Bugcrowd Blog

Researcher Spotlight: yeuchimse

Posted by Sam Houston on Dec 8, 2016 11:25:35 AM
We recently chatted with Thanh "yeuchimse" Nguyen because of his success in Twilio's bounty program. Thanh is ranked 132nd on Bugcrowd's all time Hall of Fame, with a 100% bug acceptance rate and an average priority rating of 2.95 over 43 bugs.

Follow Thanh on Twitter: @yeuchimse
 
Screenshot 2016-12-08 11.12.07.png
 
 
Take us back to your early days, what got you started with technology?
One time I brought my computer to a repair shop and afterwards I found out they changed one of my RAM sticks. I started learning IT since this time.
 
How did you get started in security research?
I participated in a Reverse-Engineering online forum since 2006 just because of curiosity, thereafter some of my friends asked me to join their CTF team. I love everything about technology in general and I want to challenge myself in many fields as possible. If I find myself fitted in a field then I will follow it for long.
 
How long have you been doing bug bounty work?
I have been doing bug bounty work seriously for half of a year from now, not regularly though. Before I was doing penetration testing for fun without any goals and I was not confident much.
 
Why do you hack on bug bounties?
Basically, I like doing this same as I like playing CTFs. One interesting thing with bug bounties is that someone will pay for what I am doing. Some CTF events bring you prizes and awards if you are playing for top teams, however it is not easy. There are more opportunities in bug bounties though: experts focus on serious vulnerabilities meanwhile beginners start with basic security holes.
 
Before participating in bug bounty programs (BBP), I thought CTF is just some theoretical problems which never happens in the real world. I recognized I was wrong. Bug bounties bring me chances to apply practical problems I’ve learned from CTFs and online write-ups as well as new attack ideas. Moreover, in bug bounties you deal with a real target so that I have a clear vision of software security which I am working on in my daily life. There is no absolute security and even big corporations have basic security holes.
 
Do you have a specific security focus or specialty that you tend to spend your time on?
Even though I report every bug I find, I often focus on vulnerabilities which have dangerously effects and an adversary would be able to exploit with high impact. For instance logical bugs, IDOR or read/write/execution vulnerabilities.
 
What motivates you to do what you do? What keeps you going?
My job is information security and bug bounty helps me very much. I learned many new techniques and summarized usual weak problems in applications. And it’s awesome that I can earn some extra money. Besides, some company responses make me feel they respect my work, and it pushes me to contribute more to the community.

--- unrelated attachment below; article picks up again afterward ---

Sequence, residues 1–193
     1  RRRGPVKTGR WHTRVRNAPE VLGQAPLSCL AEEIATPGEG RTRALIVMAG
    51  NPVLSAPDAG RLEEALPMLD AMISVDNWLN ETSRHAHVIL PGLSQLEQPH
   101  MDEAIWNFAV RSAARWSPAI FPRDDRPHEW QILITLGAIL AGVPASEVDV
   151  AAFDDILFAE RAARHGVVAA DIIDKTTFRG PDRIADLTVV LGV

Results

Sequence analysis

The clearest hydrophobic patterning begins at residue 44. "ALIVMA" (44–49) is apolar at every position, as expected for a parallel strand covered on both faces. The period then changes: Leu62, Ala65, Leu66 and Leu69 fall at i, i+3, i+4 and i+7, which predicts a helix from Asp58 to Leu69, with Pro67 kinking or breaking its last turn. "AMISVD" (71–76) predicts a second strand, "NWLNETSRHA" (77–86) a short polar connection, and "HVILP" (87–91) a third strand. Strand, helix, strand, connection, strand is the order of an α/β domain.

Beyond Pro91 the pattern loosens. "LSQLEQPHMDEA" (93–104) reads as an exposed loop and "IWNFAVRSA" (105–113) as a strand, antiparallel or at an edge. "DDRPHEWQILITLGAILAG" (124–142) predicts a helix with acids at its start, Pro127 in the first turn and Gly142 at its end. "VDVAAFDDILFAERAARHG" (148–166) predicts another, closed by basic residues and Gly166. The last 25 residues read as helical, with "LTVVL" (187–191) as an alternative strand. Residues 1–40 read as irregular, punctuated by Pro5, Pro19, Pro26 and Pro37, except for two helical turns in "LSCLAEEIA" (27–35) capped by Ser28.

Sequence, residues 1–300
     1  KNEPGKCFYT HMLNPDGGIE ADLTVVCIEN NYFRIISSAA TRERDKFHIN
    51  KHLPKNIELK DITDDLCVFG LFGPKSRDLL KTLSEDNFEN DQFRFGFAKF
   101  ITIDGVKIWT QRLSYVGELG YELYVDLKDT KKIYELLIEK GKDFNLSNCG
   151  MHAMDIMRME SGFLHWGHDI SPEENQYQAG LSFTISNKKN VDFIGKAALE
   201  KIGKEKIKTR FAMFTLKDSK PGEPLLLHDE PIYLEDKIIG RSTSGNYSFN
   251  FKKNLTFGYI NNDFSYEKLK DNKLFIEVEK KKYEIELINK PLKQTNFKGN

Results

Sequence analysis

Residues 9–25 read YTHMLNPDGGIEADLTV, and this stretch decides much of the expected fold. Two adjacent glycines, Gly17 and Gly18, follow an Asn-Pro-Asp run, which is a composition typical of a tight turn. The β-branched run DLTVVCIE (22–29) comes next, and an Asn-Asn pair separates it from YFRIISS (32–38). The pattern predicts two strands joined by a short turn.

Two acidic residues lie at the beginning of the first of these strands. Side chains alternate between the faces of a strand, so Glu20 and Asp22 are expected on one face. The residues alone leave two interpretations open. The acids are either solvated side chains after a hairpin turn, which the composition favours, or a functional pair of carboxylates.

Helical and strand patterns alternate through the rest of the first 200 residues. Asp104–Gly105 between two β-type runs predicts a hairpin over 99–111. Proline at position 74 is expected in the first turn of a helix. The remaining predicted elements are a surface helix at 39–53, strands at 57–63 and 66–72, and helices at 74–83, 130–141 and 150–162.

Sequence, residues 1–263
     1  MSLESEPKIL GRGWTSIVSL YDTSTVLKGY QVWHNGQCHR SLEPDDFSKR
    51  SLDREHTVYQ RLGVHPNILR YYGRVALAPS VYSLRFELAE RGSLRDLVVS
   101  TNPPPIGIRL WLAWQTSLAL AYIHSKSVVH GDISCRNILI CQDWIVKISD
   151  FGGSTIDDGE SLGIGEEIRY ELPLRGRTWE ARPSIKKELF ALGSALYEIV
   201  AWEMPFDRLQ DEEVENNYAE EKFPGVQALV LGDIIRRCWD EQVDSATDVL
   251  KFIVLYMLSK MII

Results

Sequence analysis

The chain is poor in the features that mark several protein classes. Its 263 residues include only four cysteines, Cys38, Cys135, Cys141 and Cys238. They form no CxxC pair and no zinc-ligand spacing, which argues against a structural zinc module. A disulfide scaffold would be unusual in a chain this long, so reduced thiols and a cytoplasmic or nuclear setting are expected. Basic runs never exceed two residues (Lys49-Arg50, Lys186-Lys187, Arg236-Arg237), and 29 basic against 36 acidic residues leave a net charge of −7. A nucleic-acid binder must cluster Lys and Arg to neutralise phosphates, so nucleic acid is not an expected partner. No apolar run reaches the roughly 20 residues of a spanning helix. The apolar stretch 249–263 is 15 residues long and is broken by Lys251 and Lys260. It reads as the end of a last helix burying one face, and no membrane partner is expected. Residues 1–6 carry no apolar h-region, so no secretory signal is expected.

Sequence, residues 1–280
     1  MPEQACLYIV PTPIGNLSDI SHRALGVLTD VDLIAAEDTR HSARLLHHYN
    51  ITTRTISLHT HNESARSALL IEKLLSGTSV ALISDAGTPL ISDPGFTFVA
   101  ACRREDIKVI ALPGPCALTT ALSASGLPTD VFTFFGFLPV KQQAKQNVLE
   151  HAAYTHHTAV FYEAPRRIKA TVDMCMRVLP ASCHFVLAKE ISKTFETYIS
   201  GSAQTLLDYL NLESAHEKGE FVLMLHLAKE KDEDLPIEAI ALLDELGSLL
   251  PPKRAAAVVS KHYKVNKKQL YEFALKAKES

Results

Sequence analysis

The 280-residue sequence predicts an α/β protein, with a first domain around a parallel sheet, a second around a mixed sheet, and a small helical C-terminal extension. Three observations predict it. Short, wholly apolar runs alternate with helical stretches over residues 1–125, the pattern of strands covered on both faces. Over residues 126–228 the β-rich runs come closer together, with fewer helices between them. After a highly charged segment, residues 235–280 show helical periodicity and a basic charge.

Any tips or suggestions that you would give to other bounty hunters?
I used to think that there are no vulnerabilities left when I participated in bug bounty late. You know, many experts have been attending for years, and if there is something left for a beginner like me to hunt then why not others?
 
Even so, I still tried and actually found two bugs. Unfortunately, none of them are eligible. The first one is marked as Duplicate (with a bug reported 6 months ago), while the other is marked as Won't Fix along with the comment: "This is a very obscure attack path". Afterall, I really just wanted to give up.
 
However, one day when I found some P1 / P2 bugs in Twilio BPP, I think that I should change my mind. Day by day, a lot of new code are written and many new features are added in every software, all these changes can have bugs. That could be an advantage for you since other researchers have gone to newer programs. Moreover, if you regularly read the news, you would know that there are many software vulnerabilities have existed for decades and only recently discovered. So the chance you found a bug not only depends on who come earlier, it also depends on the ability and the luck of each researcher. So be confident and try your best.
 
Where do you think bug bounties are going in the future?
In my opinion, if you are developing a serious product, the cost of running a BBP always cheaper than what you lose when your product is hacked. So, I think there will be more and more companies participate in bug bounty, as well as more and more people get involved in bug hunting. This is definitely a win-win game for everyone.
 
I also think that the bug bounty platform such as Bugcrowd, Hackerone, Cobalt... will prevail, since many companies do not have much experience in running a BBP, and their self-management programs are potentially risky and might lead to unprofessional decisions. It's better for everyone to do what they do best.
 
Where do you hope to be two years from now?
I do not have a big goal for my career, just follow what I like with the hope that my work will be useful to the community a bit. Two years from now, what I want most is to become the father of a lovely girl, and have more time for my family.
 
 
Researcher Profiles
Sam Houston

Written by Sam Houston

Senior Community Manager at Bugcrowd. Sam's passionate about working to foster the best researcher community on the web. Prior to joining the security industry Sam worked for Couchsurfing, Electronic Arts, Playfish, and gamerDNA.